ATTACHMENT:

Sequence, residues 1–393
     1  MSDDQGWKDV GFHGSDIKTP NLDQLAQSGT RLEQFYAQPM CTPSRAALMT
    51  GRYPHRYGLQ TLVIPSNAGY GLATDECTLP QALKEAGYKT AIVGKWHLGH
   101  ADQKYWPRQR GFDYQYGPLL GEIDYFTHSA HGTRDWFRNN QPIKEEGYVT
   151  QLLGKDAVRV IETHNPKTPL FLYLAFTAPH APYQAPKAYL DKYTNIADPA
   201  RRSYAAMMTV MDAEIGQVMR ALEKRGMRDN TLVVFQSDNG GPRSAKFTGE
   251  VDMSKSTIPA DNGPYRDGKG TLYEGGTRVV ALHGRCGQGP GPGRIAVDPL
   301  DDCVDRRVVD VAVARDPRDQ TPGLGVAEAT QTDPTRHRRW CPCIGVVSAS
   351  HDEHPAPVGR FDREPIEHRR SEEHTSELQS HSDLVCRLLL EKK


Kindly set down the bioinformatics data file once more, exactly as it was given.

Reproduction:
Sequence, residues 1–393
     1  MSDDQGWKDV GFHGSDIKTP NLDQLAQSGT RLEQFYAQPM CTPSRAALMT
    51  GRYPHRYGLQ TLVIPSNAGY GLATDECTLP QALKEAGYKT AIVGKWHLGH
   101  ADQKYWPRQR GFDYQYGPLL GEIDYFTHSA HGTRDWFRNN QPIKEEGYVT
   151  QLLGKDAVRV IETHNPKTPL FLYLAFTAPH APYQAPKAYL DKYTNIADPA
   201  RRSYAAMMTV MDAEIGQVMR ALEKRGMRDN TLVVFQSDNG GPRSAKFTGE
   251  VDMSKSTIPA DNGPYRDGKG TLYEGGTRVV ALHGRCGQGP GPGRIAVDPL
   301  DDCVDRRVVD VAVARDPRDQ TPGLGVAEAT QTDPTRHRRW CPCIGVVSAS
   351  HDEHPAPVGR FDREPIEHRR SEEHTSELQS HSDLVCRLLL EKK